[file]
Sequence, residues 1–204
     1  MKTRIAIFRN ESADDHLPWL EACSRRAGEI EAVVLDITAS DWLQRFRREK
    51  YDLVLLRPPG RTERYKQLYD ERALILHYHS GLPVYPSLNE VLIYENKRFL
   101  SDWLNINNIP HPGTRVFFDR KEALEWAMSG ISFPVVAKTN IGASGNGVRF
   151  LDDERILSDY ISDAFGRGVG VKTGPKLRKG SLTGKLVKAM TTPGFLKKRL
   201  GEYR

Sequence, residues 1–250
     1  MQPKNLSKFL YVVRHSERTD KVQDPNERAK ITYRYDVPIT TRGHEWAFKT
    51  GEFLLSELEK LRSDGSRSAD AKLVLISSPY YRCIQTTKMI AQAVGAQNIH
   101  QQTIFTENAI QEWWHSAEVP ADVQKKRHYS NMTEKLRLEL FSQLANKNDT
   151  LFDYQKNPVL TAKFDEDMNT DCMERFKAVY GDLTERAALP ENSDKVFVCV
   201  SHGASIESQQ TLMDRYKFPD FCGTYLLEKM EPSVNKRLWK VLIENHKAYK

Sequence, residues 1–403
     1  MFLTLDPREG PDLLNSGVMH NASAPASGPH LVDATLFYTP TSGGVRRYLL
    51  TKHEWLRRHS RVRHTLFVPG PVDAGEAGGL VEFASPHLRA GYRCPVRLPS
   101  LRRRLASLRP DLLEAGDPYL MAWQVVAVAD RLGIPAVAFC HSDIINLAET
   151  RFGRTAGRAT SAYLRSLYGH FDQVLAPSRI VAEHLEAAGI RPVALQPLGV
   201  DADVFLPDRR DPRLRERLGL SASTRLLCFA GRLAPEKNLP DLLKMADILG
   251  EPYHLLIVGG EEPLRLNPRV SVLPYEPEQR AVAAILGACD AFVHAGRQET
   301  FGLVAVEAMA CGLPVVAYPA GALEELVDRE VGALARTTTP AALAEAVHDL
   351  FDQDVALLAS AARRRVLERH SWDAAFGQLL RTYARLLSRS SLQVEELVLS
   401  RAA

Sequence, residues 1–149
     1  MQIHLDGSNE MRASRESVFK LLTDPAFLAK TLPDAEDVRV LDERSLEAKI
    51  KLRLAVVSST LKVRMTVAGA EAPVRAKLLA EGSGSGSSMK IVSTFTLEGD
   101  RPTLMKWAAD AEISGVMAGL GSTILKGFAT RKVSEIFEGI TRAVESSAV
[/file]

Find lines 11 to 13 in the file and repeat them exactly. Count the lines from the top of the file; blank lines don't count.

   151  LFDYQKNPVL TAKFDEDMNT DCMERFKAVY GDLTERAALP ENSDKVFVCV
   201  SHGASIESQQ TLMDRYKFPD FCGTYLLEKM EPSVNKRLWK VLIENHKAYK

Sequence, residues 1–403